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A lesson inspired by the NNWP's
Six by Six
Print Guide: Traits Writing for Little Writers

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About this lesson's author:


Summer Bean teaches first grade in Reno, Nevada. She created this lesson while attending the Northern Nevada Writing Project's "Traits in the Primary Classroom" inservice class.

This Lesson:
Some Animals Don't Do That!

Focus Trait:
Idea Development

Lesson's Mentor Text:

Dogs Don't Wear Sneakers
by Laura Numeroff

Thirty-six trait-based lessons for
primary writers can be found in:

The lesson on this page was inspired by the Northern Nevada Writing Project's Six by Six Guide. Click here to see how to order your own copy, which contains thirty-six trait lessons like the one found on this page.

Big Ideas behind this Lesson:

Trait Focus: Idea Development —The concept focus is Idea Development as a way to express what topics don't do.

Standards Addressed:

  • Write across the curriculum.
  • Read and share writing with others.
  • Use prewriting strategies to plan written work.
  • Draw or write to communicate.


First, we read and discussed Laura Numeroff’s autobiography: If You Give an Author a Pencil.

We stopped on page 18 to discuss how she got the idea to write, Dog’s Don’t Wear Sneakers.

I proposed that we pretend she needs more ideas for her next book and she asked our class to send her some ideas.


Dogs Don't Wear Sneakers
by Laura Numeroff

Chimps Don't Wear Glasses
by Laura Numeroff


  • Day 1: After generating and sharing several ideas on the rug using our pocket chart sentence frame (see below) the kids returned to their desks. They pulled out their personal writing journals and wrote as many silly sentence ideas for Laura Numeroff that they could think of. When time was up they circled their favorite silly sentence. Then they read their ideas to their partner and had to explain why they chose their favorite sentence to be published in our class book.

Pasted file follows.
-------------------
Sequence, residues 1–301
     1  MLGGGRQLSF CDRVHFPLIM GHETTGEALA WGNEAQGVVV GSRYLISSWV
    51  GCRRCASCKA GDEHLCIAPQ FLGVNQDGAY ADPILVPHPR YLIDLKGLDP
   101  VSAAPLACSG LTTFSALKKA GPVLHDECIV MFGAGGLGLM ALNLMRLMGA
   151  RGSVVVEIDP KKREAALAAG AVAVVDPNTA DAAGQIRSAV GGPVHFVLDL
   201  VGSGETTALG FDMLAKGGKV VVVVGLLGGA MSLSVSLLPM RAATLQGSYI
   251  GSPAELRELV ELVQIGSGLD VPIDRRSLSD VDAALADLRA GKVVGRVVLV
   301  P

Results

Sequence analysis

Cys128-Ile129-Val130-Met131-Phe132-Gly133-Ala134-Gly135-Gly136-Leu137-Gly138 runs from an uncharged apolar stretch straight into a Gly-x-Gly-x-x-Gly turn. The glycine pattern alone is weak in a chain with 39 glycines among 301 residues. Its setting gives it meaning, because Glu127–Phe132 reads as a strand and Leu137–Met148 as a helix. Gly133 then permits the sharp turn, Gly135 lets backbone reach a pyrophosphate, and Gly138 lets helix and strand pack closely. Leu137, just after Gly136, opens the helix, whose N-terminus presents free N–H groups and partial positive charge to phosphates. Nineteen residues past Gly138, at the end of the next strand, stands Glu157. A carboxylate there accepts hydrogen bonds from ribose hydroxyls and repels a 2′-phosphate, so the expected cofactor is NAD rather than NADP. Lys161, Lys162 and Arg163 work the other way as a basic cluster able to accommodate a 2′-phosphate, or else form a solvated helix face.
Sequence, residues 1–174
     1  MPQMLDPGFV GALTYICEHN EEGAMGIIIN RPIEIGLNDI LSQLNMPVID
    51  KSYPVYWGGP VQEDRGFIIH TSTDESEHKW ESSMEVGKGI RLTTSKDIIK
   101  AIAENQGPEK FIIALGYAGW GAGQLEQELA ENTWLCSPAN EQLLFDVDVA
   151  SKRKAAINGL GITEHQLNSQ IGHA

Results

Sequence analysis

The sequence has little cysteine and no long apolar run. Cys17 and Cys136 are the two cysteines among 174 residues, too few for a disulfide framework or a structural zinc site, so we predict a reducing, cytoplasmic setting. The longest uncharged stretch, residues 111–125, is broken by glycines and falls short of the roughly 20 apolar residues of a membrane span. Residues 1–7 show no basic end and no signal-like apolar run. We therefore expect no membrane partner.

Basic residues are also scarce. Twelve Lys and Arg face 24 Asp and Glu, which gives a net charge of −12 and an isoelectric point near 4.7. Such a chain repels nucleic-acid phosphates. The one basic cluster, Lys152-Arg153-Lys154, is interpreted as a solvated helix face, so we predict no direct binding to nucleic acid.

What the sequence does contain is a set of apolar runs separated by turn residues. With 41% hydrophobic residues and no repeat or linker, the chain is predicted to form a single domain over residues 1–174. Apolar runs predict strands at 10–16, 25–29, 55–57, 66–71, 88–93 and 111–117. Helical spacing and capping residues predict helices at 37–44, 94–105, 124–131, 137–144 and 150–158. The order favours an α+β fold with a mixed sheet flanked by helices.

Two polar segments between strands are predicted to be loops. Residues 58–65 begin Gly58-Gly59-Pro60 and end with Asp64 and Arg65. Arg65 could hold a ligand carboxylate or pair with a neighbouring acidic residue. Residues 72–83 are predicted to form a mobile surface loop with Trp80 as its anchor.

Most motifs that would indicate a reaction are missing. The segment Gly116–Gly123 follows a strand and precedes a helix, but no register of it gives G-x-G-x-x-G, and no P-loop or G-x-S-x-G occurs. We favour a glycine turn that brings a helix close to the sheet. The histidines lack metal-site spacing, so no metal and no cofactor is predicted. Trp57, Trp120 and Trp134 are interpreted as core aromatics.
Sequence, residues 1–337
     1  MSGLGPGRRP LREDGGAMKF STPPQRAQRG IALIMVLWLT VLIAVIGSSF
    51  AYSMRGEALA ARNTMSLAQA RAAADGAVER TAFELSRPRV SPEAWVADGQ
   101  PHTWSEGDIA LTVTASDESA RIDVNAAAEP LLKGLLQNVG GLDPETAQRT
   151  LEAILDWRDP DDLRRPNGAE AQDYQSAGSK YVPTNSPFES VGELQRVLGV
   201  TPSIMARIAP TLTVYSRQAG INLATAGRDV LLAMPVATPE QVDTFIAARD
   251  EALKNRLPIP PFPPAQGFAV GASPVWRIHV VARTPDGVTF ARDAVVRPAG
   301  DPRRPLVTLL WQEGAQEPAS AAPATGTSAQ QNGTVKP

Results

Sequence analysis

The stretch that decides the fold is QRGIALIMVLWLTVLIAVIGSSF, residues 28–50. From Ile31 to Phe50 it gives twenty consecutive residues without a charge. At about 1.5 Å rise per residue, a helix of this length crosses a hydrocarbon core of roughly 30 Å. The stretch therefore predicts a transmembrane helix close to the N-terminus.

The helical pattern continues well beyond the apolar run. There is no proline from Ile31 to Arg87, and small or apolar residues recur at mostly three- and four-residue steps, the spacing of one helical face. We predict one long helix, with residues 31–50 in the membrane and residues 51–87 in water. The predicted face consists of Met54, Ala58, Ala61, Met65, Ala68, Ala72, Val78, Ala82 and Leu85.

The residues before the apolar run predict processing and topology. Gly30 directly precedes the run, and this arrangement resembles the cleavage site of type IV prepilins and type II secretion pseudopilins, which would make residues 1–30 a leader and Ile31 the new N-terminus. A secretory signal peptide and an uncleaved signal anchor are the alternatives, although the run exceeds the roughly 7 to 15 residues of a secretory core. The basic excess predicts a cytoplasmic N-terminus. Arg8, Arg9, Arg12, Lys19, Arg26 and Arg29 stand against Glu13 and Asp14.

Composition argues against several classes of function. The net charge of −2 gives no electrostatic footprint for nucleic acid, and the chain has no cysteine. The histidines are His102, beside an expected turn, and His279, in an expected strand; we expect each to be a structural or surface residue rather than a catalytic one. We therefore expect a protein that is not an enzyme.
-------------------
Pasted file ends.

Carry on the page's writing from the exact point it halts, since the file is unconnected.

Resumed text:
• Day 2: They transferred their favorite sentence on to their class page and illustrated it. The humor of this book idea comes from having the children illustrate the opposite of what the sentence reads. Look at Isabella's “Horses don’t swim.” Well, here we see them doing just that!

Tools Needed:

  • Sentence strip with the sentence fame:


written on it. You could also just write the sentence frame on the board.

  • Class book page typed up with sentence frame.
  • Optional tool: Have magazine pictures, animal books, or photographs of different kinds of animals posted around the room to help generate their sentences.



First, they wrote as many sentences as they could think of in their journals. Then they circled their favorite sentence and shared them with a partner. They then transferred their sentence to their own page for our class book. Each page is put into a sheet protector and bound in a binder. This then became a class book that travels home every night with a new child in what our class refers to as the “book bag.” Included in the book bag is the mentor text along with our class book for each child to read with their family and then return the next day.

Optional idea: Send home a blank page of _____don’t ______! sentence frames and ask each family to think of other silly sentence to add to the class book.



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